HE didn’t need a second more to express his disgust over what he heard was a slur against his wife.
Sen. Manuel “Mar” Roxas II earned the favor of many women, and men, who witnessed his quick reaction to a reckless statement made by a fellow member of the upper chamber of Congress.
It was at the height of the discourse at the Senate floor over the corruption report against Sen. Manuel Villar when Senate Minority Leader Aquilino Pimentel Jr. fired a broadside against Roxas’s objections to questionable insertions into a budget item.
Villar was the subject of a report of the Senate committee of the whole that outlined his alleged unethical conduct for inserting an additional P200-million allocation in the 2008 national budget for the construction of a road that resulted in an increase in the value of his real estate properties in the affected areas.
But Villar’s allies said other senators like those in the opposition have made their own budget insertions.
To this, Roxas said, “I say no. I had no insertion on any matter. In fact, I have no insertion, period. Because we’re in the minority. Let alone an insertion for a road to pass through any such property.”
Senator Pimentel then retorted, “Well, well, I am sure that after your marriage, you had some insertions. But that may be different.”
Roxas recently married his long-time girlfriend, broadcaster Korina Sanchez.
Roxas immediately stood up and demanded that such a statement of Pimentel be removed from the transcript of that session. Pimentel agreed that the statement be deleted from the records.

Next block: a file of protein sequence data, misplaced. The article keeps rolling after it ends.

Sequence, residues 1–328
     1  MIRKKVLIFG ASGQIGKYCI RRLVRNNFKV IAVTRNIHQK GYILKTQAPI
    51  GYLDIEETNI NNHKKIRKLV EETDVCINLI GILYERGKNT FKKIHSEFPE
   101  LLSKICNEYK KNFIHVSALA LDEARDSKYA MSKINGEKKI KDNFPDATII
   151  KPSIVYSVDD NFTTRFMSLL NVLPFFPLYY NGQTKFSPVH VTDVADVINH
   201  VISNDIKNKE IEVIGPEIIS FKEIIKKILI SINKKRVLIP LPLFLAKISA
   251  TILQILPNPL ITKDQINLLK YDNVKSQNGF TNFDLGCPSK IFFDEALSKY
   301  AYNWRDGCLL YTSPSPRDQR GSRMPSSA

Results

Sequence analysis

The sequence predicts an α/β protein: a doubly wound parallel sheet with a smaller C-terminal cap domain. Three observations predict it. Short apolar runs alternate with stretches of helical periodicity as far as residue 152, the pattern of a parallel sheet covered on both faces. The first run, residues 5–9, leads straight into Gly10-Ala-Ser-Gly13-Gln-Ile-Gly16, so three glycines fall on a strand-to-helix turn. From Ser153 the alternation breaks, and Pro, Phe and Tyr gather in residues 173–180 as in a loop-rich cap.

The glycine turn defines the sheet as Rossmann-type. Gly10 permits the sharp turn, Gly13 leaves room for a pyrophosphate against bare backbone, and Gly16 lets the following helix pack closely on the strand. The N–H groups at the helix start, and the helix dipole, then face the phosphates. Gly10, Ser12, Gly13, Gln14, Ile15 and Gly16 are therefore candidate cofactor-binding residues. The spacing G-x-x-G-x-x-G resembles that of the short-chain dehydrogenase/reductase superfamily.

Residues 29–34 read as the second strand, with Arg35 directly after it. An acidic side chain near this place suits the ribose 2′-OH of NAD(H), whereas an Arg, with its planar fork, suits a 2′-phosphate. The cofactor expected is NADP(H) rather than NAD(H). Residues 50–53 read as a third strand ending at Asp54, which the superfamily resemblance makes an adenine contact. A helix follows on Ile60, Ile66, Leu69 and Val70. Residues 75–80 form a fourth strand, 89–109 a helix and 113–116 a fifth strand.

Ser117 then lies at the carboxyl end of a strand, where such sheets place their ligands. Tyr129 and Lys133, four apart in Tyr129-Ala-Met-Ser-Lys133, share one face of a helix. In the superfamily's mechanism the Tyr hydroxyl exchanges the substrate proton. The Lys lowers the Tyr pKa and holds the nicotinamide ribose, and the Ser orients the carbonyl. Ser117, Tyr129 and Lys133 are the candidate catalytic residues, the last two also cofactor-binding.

But the insult by Pimentel and the quick response of Roxas were already etched in the minds of those who witnessed the exchange. Pimentel only showed that he was a bully while Roxas exemplified the Filipino man ready and quick to defend the honor of his life partner.
Such a comment by Pimentel should have been reserved to conversations during a guys’ night out when friendly ears would know that a joke was a joke but not on the Senate floor when statements were recorded and after the debate had turned heated.
I’m not exactly a fan of Roxas’s wife, Korina Sanchez, but a slight against a woman is a slight against a woman, multiplied over because this was stated on what should have been hallowed grounds.
Many who have witnessed or listened to the exchange have been shocked by how low a senator can go to defend an ally. This makes paying close attention to the kind of senators we elect more important than any clamor to find a new chief justice of the Supreme Court before President Gloria Macapagal-Arroyo steps down.
There is this chatter about rushing the appointment of a new chief justice for fear of a power vacuum when Reynato Puno retires on May 17. But the change in chief justice is not urgent.
The replacement of senators undeserving of their posts is scheduled. The date is May 10, 2010.